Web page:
The Sin Of Adam

The Separation

In a previous post I touched on the judgment of Eve, but up until now we haven’t looked at what happened with Adam.  What, exactly was Adam’s sin?  Better yet, why is it that the Bible is very specific that it was Adam who sinned, not Eve?

If men and women were equal then Eve is the one who sinned.  Yes, she was completely deceived, but she still disobeyed and violated the one rule that God gave them.   Both Adam and Eve ate of the fruit they were commanded not to eat of, but only Adam is credited with the sin, so what was it that Adam did?  You will hear preachers tell you that Adam knowingly disobeyed God while Eve was deceived, as if being deceived is an excuse.  What Eve did was disobedience while what Adam did was rebellion.  There is a difference.

Adam had responsibilities because God placed him in charge of the entire earth and everything that dwelled on the earth.  His mission was to take control of the earth.  And Adam knew that God had said “In the day you eat of [the fruit] you shall surely die.”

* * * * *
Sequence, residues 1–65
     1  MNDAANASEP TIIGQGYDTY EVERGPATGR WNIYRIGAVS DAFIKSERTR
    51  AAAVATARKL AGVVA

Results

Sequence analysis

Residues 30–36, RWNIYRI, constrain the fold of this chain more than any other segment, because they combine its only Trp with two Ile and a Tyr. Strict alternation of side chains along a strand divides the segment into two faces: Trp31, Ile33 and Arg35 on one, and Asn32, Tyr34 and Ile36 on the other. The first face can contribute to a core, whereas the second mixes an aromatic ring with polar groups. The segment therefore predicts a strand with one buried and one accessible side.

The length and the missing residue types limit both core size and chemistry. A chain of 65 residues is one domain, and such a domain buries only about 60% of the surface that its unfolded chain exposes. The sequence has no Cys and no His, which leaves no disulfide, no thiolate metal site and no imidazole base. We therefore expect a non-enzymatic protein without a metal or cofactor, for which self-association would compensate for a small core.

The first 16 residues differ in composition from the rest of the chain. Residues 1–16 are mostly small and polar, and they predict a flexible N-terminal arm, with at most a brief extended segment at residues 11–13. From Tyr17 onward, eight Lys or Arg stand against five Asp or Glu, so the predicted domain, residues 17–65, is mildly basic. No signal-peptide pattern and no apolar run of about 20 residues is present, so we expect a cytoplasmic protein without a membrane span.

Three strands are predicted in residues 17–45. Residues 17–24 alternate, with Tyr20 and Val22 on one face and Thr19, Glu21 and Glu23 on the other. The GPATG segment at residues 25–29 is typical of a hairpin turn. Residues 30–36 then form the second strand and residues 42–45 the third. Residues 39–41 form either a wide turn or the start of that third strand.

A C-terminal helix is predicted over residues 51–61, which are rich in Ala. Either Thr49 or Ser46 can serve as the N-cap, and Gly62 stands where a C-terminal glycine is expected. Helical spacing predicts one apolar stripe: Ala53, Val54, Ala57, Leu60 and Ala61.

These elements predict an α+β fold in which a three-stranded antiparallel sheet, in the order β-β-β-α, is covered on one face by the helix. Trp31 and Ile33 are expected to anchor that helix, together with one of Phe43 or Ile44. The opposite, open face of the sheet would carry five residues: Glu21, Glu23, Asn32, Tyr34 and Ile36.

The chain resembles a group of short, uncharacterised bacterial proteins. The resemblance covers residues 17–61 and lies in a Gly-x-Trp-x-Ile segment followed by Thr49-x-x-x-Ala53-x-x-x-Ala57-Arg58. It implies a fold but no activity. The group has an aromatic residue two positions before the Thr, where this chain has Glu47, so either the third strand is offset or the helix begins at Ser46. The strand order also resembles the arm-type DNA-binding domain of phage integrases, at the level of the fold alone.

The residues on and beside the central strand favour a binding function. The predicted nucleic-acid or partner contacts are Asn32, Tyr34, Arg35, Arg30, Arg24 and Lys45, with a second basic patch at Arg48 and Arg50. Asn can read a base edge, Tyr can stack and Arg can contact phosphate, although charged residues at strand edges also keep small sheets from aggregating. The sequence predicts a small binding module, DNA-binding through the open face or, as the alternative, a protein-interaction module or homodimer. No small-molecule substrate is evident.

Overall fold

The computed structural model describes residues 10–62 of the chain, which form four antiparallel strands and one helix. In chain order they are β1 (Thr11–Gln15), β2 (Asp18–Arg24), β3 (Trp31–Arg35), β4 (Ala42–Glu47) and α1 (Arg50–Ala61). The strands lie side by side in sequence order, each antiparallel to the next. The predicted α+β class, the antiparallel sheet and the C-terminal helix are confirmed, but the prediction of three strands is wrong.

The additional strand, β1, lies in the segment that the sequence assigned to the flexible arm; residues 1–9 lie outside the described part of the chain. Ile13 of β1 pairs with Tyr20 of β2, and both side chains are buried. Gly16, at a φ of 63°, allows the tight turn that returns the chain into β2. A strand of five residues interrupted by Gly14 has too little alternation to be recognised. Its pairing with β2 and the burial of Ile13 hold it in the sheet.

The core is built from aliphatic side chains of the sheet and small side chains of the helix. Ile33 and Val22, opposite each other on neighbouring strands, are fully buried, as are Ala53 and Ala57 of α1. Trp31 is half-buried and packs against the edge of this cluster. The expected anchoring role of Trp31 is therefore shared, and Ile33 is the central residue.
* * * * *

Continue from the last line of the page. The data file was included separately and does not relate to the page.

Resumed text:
Satan used Eve as a tool to take down Adam.  If you think of it in terms of chess, Adam was put in check and his only way out was to allow his queen to be taken.   Instead of analyzing the situation with his mission in mind and realizing that his queen was already taken, Adam tipped his king and gave up the game.

Adam Surrendered

To hell with his command, to hell with everything, when Adam saw that his wife had eaten of the fruit, he decided to commit suicide.  He decided he would rather die with his wife than continue with his mission.  He abdicated.  He quit.

What Adam did was not mere disobedience, it was rebellion and treason against his King.  Obedience is following orders.  Eve disobeyed, but as the record indicates, that wasn’t that much of a problem.  The reason is that obedience and submission are not the same.  Obedience is following orders, submission is accepting the authority of the one giving the orders and accepting the consequences for disobedience.  Disobedience is not necessarily rebellion, but the refusal to submit is legitimate authority is always rebellion.